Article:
WHEN he was on the N84 from Galway to Derry, David Forde could hardly have guessed the carriageway would double up as his redemption road. For back then, his head was torn between his profession and his family. Part of him wanted to jack his football career in and “play a bit of GAA around home”. And another part of him reminded him to stay true to his dream.
“The thing was that I always felt I could play for Ireland,” says Forde.
And last summer, at the age of 30, he did, becoming Ireland’s oldest debutant since the Second World War. This summer, he will do something even better, namely travel to the European Championships as Giovanni Trapattoni’s third-choice goalkeeper, quite a turnaround for a man whose early career was defined by moves to big clubs that didn’t work out and brief spells at smaller clubs where he built a cult status among the die-hards but wondered where life’s journey was taking him.
Now, all his doubts have become certainties. He earns a good living – “that’s a change because there were times when I played for peanuts” – he plays at a good level (which is also an upgrade from his Galway United, Derry City, Bournemouth, Luton Town and Barry Town days) – and knows which direction his career is moving in.
“Hopefully upwards,” he says. “I’m 31 but all around me are keepers who have stayed fit and stayed in the game until they were 40. My long-term aim is to play in the Premier League and I think I’m ready. I’ve hit form and the Ireland call-up really boosted my confidence. I kept 20 clean sheets in the Championship last year, made my debut for Ireland and played my part in the 2-0 win over Italy. So I feel my time is coming.”
Yet there were moments when he wondered if it would ever come. Released by West Ham at 24, he came back to the League of Ireland after listening to the sales pitch of Derry City’s then manager, Stephen Kenny. “If one man can be credited with turning my career around, it’s him,” says Forde. “He believed in me. He was there when no one else was.”
Yet after so many disappointments, Forde refused to take anything for granted when he hooked up with Kenny and Derry in that winter of 2004, so he made a point of hedging his bets, by continuing to live with his family in Galway and setting up a home base there, putting in an eight-hour round-trip to Derry twice a week. Those road trips proved character building.
“As I’d pass through one small town after another, getting tired, knowing I’d be away from my wife and child, of course I asked myself, ‘why am I doing this? Why not play GAA and get a job in Galway and be with my family all the time. And I know now why I stuck at it – because I believed in myself, my dream and my career and I knew how important it was to hang in there at Derry.”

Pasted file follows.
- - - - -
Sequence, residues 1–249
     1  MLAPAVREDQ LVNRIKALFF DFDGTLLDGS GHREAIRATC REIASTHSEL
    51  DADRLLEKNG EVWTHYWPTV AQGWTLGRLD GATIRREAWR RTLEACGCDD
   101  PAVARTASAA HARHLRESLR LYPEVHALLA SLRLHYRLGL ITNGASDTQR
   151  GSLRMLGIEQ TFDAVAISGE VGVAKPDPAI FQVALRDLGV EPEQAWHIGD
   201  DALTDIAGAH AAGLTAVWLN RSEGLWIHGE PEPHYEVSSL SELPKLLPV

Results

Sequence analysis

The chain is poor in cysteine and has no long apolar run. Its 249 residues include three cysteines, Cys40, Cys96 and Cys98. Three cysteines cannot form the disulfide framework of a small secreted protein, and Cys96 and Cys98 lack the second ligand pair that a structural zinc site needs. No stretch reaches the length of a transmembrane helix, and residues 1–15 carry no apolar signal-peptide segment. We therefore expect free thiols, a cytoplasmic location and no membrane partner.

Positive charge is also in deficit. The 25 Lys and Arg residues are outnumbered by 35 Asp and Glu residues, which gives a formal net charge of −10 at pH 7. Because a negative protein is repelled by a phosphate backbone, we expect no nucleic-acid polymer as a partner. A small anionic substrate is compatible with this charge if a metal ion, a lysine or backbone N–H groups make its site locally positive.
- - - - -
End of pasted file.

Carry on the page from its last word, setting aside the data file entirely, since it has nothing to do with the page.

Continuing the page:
Derry’s greatest importance, says Forde, was that they “opened the door to the big leagues.” By signing for a club on the up – they went from the relegation playoffs to a home-and-away Uefa Cup win over Gothenburg within two years – they made a name for themselves. And soon enough the scouts came looking, Celtic spotting Pat McCourt, Cardiff identifying Forde.
Not that a move to the Welsh capital brought an immediate return. He was more out than in of that team and loan moves to Luton and Bournemouth ultimately proved crucial. It was at Bournemouth where Kenny Jackett spotted him for Millwall and from there his journey’s speed intensified.
And now it’s near its end point.
Forde says: “I always knew I’d unfinished business in the UK. So when I played for Derry, I never let my self-belief dip. I got myself in the correct shape so that if a scout was looking at me, I’d be ready to make the move up.
“The hard work has paid off – as it has for so many of us from that era in the League of Ireland. Seamus Coleman [Everton from Sligo], Stephen Ward [Wolves from Bohs], Damien Delaney [Ipswich, ex-Cork] and Sean Dillon [ex-Longford], who won a Scottish Cup with Dundee United.
“Then in midfield, you’ve got Wes Hoolahan [Norwich City], Keith Fahey [Birmingham from St Pat’s], Niall McGinn and Paddy McCourt [Celtic from Derry] and a choice of Kevin Doyle or Shane Long in attack. That team would take some beating.”
His Millwall team are also hard to beat.
Forde says: “The Millwall motto is ‘No one likes us and we don’t care’. As a team, we’re like that. We’re big, strong men who never give up. We don’t stop for 95 minutes. We don’t make it easy for anyone. As a team we are in keeping with the club’s tradition.”
Transfer that attitude to Ireland. Like Millwall, they will go to Poland without much outside love, with a team whose sum is superior to its parts, whose style of play is attractive to its fans but appalling to neutrals but whose determination and humility is endless in its appeal.
Forde says: “As a squad, we’ve had a lot of criticism but it seems to spur us on.
“It means so much to play for your country, means so much to just be the fifth team to qualify. It means so much that we will be part of Irish football’s history, a history which dates back to a qualification attempt for the 1934 World Cup. Since 1934, we’ve entered World Cups. Since 1958 we’ve entered European Championships.
“And now we’re going to the finals of the Euros. That’s a brilliant achievement in the historic context I’ve spoken of. I’m so proud to be a part of it. And I’m glad too. I stuck at this game. I persevered. I’m proud of myself for doing that.”
He has every right to be.